The majority of the novel covers the time that Kvothe spends as a student at the University, learning about magic and every other useful thing a young man might need to know. Despite this juvenile setting and the superficial similarity with the Harry Potter series, this is a fairly adult novel, more because of the themes and not because of any particular event. Since Kvothe is still very young, and the story is told from his perspective, there are no explicit sex scenes. All of the major scenes of violence are seen by Kvothe in the aftermath, as he was not present when his parents were slaughtered or when the mysterious creatures strike again at a different group of people. However, because of the fairly slow pacing and the complex characterization, I don't think this is a book that would hold the attention of someone under 15 or so.
I also really enjoyed the system of magic used in this novel. The magic, called sympathy, involves binding objects together based on the practitioner's understanding of the chemical or alchemical characteristics of the material. It makes for a very earthy system of magic, with unpredictable results and the requirement that the students of magic are also students of science. The other element of magic involves naming; when someone knows the true name of something, he can control that thing. The title of the novel is derived from Kvothe's desire to know the name of the wind, so that he might manipulate it. I like this throw-back to old magic from legends, where the characters feared to give their true names to magicians, for fear that a magician could harm them with the knowledge of a true name. Having said this, magic is a fairly minor part of the story, and in this first novel, there is basically no sword play or battling.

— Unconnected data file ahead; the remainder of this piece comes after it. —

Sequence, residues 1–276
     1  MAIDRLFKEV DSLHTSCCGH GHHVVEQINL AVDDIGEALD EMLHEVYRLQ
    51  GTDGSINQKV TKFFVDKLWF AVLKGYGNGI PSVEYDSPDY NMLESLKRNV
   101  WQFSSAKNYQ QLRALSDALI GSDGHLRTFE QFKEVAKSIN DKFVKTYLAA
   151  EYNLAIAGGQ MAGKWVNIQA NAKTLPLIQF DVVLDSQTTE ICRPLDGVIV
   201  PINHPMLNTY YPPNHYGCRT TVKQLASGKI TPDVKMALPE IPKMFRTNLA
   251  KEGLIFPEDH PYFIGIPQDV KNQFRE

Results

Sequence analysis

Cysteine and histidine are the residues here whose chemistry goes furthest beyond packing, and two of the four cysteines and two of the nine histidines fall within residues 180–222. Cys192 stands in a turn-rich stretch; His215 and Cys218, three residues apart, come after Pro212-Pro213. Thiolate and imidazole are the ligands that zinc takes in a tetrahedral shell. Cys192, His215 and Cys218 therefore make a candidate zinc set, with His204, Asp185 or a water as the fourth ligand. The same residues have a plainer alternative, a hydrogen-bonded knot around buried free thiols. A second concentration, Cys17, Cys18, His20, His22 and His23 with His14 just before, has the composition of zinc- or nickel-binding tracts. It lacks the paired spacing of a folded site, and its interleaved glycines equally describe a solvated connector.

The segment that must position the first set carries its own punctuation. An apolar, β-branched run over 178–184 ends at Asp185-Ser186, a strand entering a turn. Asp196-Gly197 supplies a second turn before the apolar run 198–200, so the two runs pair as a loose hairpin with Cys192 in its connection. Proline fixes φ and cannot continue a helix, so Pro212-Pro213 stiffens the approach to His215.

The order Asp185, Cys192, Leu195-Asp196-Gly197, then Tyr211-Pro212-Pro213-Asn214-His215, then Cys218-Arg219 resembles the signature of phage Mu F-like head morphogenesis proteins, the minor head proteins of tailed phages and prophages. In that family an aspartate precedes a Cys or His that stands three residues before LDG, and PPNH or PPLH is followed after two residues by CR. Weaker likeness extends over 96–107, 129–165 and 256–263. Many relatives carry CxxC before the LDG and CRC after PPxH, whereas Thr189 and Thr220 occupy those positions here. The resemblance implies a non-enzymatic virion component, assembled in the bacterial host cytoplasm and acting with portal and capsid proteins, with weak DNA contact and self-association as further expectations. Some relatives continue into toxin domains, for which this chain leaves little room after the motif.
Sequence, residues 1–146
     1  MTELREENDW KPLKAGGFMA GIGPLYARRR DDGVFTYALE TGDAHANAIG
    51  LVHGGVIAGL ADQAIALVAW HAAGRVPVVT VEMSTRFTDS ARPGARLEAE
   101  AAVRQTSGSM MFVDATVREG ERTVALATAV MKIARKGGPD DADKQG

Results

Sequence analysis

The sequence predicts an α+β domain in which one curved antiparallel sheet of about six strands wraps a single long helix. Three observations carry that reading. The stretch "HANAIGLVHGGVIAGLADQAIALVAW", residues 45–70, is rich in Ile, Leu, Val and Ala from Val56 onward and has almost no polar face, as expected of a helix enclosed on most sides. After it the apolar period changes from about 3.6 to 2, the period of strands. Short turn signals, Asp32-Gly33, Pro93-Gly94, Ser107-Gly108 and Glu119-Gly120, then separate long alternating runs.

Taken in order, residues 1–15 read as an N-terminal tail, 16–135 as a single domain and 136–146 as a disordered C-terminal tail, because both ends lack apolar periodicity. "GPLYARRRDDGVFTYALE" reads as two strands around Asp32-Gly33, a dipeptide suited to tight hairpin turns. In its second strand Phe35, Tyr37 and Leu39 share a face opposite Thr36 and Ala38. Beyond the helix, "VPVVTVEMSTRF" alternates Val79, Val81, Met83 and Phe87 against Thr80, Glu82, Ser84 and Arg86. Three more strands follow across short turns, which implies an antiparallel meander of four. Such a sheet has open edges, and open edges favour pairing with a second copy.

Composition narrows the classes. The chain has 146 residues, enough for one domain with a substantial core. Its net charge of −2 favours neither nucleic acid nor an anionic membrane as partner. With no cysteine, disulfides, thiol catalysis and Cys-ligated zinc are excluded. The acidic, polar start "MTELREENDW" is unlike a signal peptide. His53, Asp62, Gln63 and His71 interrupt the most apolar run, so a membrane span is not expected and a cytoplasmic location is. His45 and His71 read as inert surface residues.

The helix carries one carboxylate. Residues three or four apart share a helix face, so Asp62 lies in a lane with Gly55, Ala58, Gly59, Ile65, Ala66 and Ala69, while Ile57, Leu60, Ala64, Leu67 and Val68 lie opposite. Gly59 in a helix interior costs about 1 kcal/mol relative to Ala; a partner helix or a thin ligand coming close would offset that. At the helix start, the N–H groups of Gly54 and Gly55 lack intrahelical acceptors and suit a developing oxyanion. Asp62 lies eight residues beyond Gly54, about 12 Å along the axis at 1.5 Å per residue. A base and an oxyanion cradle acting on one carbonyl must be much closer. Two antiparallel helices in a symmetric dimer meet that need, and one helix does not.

I have only two complaints about the book, and both are fairly minor. The only prominent female character in the novel is something of a cipher to me. She is Kvothe's love interest (or as much of a love interest as a 15 year old boy might have), and she appears sporadically throughout the novel, sometimes taking an important role and sometimes disappearing after only a paragraph. I assume that at some point in the future, she will assume a more permanent role, because it's clear that she is intended to be significant; what's unclear is why we should find her important.
My second complaint is that, at times, the writing starts to feel a little self-important or excessively clever. Some of that might be deliberate, since Kvothe is the story teller and he is certainly self-important and distracted by the magnitude of his own cleverness, sometimes. It's a minor complaint, however, and does nothing to detract from the story as a whole.
I think the story is best summarized by one of the review quotes on the book's back cover:
"Patrick Rothfuss' debut novel combines the intricate stories-within-stories structure of The Arabian Nights with the academic setting of the Harry Potter series, and transforms it all into a brooding, thoroughly adult meditation on how heroism went wrong." Onion A.V. Club
The second installment in the trilogy, The Wise Man's Fear, was released on March 1. I reread this book, having read it first a few years ago, in anticipation of the sequel. The end of the first book promised a great deal of action and adventure and plot in the second book, so I am looking forward to seeing where all of this wonderful setup is going.
Recommended reading for fans of traditional epic fantasy, such as Wheel of Time, Tolkien, Shannara, etc.